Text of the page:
Words: Calvin Chan
Photography: Calvin Chan
Published: August 7, 2019
BOWMANVILLE, Ontario - What childhood boy hasn’t dreamed about driving around a racetrack? Ask any racing driver today what inspired them to get into motorsports, and it always begins with a passionate sighting of a sports car. You see, cars, racing, and dreams have gone hand-in-hand long before the turn of the century, and the Porsche Track Experience aims to translate that dream into a reality. Available all around the world, these specialized track events allow any kind of driver to aim, hone, and develop their driving skills behind Porsche’s latest fleet of sports cars. From effective braking maneuvers to mastering load-changing scenarios, these lessons cater towards both beginners and experts, and their hope is that by the end of the day, you’ll walk out a better, safer, and faster driver.
It just so happens that Porsche hosts one of these events in our very own backyard in Bowmanville, Ontario, nestled within the Canadian Tire Motorsport Park. Formerly known as the Porsche Sport Driving School, the Porsche Track Experience runs on summer weekends and is broken down into five classes: Warm-Up (half-day, beginner level), Precision (one-day, beginner level), Womens’ Precision (one day, female-only, beginner level), Performance (two-day), and Master, each progressively stepping up the skill development ladder. I had the opportunity to attend the entry-level Precision program for a day, and join a group of seven avid enthusiasts, some of whom have never been on a track before.
The day began with a brief introduction to track and safety rules, followed by a short lesson on driving physics and the importance of lateral forces and contact patches. While science isn’t my expertise, the instructors taught us in a way that anyone with even the slightest bit of IQ could understand. They even run through basic principles that drivers might be too embarrassed to ask about like the correct seating position, where to look, and how to properly steer.
We were then led out onto the Driver Development Track (DDT) to be introduced to our dancing partners. There were three tastings on the menu: a 911 Carrera 2S (rear-engine, 420 hp, 0-100 km/h in 3.9s), a 911 Carrera T (rear-engine, 370-hp, 0-100 km/h in 4.2s), and a 718 Cayman S (mid-engine, 350-hp, 0-100 km/h in 4.2s). All three were 2019 models loaded with the PDK dual-clutch transmission, so beginners don’t have to worry about learning how to operate a manual, and instead focus on learning the track.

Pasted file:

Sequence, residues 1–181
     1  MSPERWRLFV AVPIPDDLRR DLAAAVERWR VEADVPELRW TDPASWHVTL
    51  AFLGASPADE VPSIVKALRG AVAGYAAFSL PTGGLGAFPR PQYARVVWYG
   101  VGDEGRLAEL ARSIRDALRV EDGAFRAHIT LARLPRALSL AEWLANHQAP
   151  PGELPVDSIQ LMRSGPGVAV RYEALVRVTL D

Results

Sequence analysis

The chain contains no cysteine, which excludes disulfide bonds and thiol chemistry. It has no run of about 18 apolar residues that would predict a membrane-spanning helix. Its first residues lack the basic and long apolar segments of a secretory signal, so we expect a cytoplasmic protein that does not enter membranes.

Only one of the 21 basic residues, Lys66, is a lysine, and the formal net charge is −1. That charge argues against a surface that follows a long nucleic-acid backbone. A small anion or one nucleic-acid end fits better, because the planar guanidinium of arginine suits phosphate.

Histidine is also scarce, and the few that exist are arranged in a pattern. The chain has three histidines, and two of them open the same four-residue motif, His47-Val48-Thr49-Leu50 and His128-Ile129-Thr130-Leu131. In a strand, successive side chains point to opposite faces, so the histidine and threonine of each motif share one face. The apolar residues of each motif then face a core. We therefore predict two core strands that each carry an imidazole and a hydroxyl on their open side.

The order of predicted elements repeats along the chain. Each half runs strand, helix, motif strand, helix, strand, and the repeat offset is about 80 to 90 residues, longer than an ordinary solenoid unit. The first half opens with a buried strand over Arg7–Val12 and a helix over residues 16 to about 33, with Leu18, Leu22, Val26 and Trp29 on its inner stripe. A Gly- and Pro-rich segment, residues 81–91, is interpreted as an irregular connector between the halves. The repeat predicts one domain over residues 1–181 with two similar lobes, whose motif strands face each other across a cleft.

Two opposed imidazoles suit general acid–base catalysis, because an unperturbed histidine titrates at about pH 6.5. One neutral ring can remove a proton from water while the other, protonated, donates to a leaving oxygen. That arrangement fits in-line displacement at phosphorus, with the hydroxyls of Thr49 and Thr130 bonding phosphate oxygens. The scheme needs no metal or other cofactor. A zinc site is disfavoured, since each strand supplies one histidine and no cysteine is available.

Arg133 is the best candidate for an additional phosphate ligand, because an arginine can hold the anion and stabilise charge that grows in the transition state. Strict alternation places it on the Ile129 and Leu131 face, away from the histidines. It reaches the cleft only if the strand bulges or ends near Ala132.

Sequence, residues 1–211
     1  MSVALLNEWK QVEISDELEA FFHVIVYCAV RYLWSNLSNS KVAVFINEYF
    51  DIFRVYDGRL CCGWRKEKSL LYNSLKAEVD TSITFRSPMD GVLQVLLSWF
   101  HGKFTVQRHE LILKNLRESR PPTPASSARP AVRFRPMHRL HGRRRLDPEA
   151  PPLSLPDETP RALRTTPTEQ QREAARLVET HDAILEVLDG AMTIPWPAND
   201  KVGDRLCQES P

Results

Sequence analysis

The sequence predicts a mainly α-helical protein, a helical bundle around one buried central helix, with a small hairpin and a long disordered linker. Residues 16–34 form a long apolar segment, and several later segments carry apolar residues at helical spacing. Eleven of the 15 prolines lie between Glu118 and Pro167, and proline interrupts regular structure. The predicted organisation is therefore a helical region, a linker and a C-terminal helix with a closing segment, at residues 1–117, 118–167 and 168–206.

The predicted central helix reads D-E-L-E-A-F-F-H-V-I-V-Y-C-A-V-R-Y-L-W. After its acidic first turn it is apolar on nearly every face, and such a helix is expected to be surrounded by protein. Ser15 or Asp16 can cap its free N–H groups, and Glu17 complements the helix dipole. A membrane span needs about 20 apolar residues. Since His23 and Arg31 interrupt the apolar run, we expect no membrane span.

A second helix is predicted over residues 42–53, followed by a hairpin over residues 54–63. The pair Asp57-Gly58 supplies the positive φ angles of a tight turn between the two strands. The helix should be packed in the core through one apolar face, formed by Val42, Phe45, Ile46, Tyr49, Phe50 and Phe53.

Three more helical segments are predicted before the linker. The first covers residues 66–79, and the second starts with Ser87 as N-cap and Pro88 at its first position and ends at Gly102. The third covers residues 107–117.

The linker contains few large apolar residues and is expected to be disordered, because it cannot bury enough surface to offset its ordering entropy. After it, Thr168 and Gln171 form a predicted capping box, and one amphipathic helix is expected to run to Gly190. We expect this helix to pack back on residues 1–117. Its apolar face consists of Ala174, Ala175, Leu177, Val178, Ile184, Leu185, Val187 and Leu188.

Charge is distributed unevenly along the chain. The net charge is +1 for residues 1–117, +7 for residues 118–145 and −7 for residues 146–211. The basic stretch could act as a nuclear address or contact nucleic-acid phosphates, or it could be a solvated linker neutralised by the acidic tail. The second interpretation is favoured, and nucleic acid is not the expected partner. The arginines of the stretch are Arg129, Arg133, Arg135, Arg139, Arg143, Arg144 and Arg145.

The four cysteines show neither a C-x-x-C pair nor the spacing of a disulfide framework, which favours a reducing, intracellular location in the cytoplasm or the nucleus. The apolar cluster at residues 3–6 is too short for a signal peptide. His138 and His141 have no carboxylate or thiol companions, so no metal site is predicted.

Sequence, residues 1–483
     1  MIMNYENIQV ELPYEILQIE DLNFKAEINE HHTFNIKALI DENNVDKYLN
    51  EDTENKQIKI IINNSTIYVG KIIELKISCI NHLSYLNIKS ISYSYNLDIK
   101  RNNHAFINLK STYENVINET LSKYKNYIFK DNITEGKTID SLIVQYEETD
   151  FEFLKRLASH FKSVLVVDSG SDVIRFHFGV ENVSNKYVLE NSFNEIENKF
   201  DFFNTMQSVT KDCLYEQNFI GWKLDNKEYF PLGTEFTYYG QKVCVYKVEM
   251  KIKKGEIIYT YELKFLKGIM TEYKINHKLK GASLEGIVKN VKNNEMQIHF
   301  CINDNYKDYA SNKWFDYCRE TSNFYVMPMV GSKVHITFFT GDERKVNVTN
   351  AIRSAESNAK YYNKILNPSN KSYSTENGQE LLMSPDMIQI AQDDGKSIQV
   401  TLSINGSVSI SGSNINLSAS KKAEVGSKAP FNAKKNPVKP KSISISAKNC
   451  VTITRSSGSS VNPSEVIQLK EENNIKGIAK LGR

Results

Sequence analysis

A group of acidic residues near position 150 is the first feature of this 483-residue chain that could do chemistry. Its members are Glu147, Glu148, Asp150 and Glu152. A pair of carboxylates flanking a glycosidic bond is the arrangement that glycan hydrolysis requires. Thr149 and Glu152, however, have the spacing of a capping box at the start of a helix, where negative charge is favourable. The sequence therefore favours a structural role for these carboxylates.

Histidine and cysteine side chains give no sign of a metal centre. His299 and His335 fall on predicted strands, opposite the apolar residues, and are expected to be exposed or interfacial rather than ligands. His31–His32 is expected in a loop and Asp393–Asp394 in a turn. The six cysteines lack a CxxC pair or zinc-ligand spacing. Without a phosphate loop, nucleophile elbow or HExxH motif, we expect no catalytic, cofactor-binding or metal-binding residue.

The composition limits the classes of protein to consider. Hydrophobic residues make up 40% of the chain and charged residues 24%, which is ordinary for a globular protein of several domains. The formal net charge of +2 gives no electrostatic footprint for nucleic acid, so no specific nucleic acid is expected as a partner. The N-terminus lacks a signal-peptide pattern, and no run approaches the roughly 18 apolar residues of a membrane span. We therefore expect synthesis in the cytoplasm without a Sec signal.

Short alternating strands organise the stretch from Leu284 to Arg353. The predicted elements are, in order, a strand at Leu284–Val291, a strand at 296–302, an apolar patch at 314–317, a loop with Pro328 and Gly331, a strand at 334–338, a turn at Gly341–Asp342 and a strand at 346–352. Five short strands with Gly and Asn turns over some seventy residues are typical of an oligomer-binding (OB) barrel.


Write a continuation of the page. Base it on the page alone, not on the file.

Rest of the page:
I first hopped into the Porsche 911 Carrera T, nestled my way into its heavily bolstered bucket seats, and ignited that beautiful sounding 3.0-litre twin-turbo flat-six. Draped in a not-so-inconspicuous Racing Yellow paint, the T is a lightweight variant of the standard Carrera with reduced sound deadening, a sports exhaust for maximum theatrics, thinner glass windows, a sport suspension, cloth door pulls, and a rear seat delete. Think of it like a track-oriented GT3-lite. After the thumbs up, we headed onto the DDT in a lead-follow formation, driving directly behind the instructor car and trying our best to mimic each of his movements on the racing line. Each successive lap gradually picked up the pace, with tips and tricks pouring into our ears over the radio.
Most beginners heading to these events end up focusing less on the cars, and more on familiarizing themselves with the track, stressing out when to turn, how much braking and acceleration is required, what’s beyond that blind crest, and simply trying not to fall behind the lead car. Here at the Porsche Track Experience, we lapped the DDT, which takes roughly a minute and a half depending on speed, at least fifty times over the course of the day. The track layout was engraved into my head. I went to sleep still seeing every corner and apex, and I felt like I could drive a lap blindfolded.
One piece of advice that the instructors kept repeating over the radio was the importance of directing your vision on where you want to go, rather than what’s directly in front of you. And while it’s natural to have tunnel vision on the upcoming corner, you should be actually looking beyond that. Steering motion and control comes more naturally using this method. “Horsepower and torque mean nothing, if you don’t have the focus or vision to control it,” said Keith McIntosh, one of the veteran Porsche instructors. He has been racing and teaching for longer than many of us have even had our license, so I take his advice as gospel.
After breaking a sweat at the DDT, we were put up in a slalom course, essentially an autocross setup with pylons showing you where you need to go. Here, we had the 718 Cayman S at our disposal, and its mid-engine setup was perfect for the multiple turns and apexs that we needed to master. It was here that I learned the most important lesson of the day: that the least amount of movement wins, meaning gentle throttle and braking, and controlled and measured steering input, is the best way to achieve a fast lap time.
At the end of the day, I left the track with a wealth of knowledge, a fulfillment of a childhood dream, and a newfound appreciation for drivers and racers that have explored the depths of the 911’s DNA. Of course, I had only scratched the surface of what those Porsches were capable of. While you won’t walk away a GT3 Cup hero or a qualified Le Mans driver, the Track Experience opens a new door for beginners and experts alike to learn, self-develop, and acquire new driving skills. It allows you to experience a side of the 911 that you would never uncover on a public road, and only then would you begin to understand the hype and zealotry behind the brand. It’s more than just racing. It’s about fulfilling that childhood dream.
You can sign up for the Porsche Track Experience by hitting the link here. The next available dates for the same Precision course I did are August 10th, and October 5th, 2019.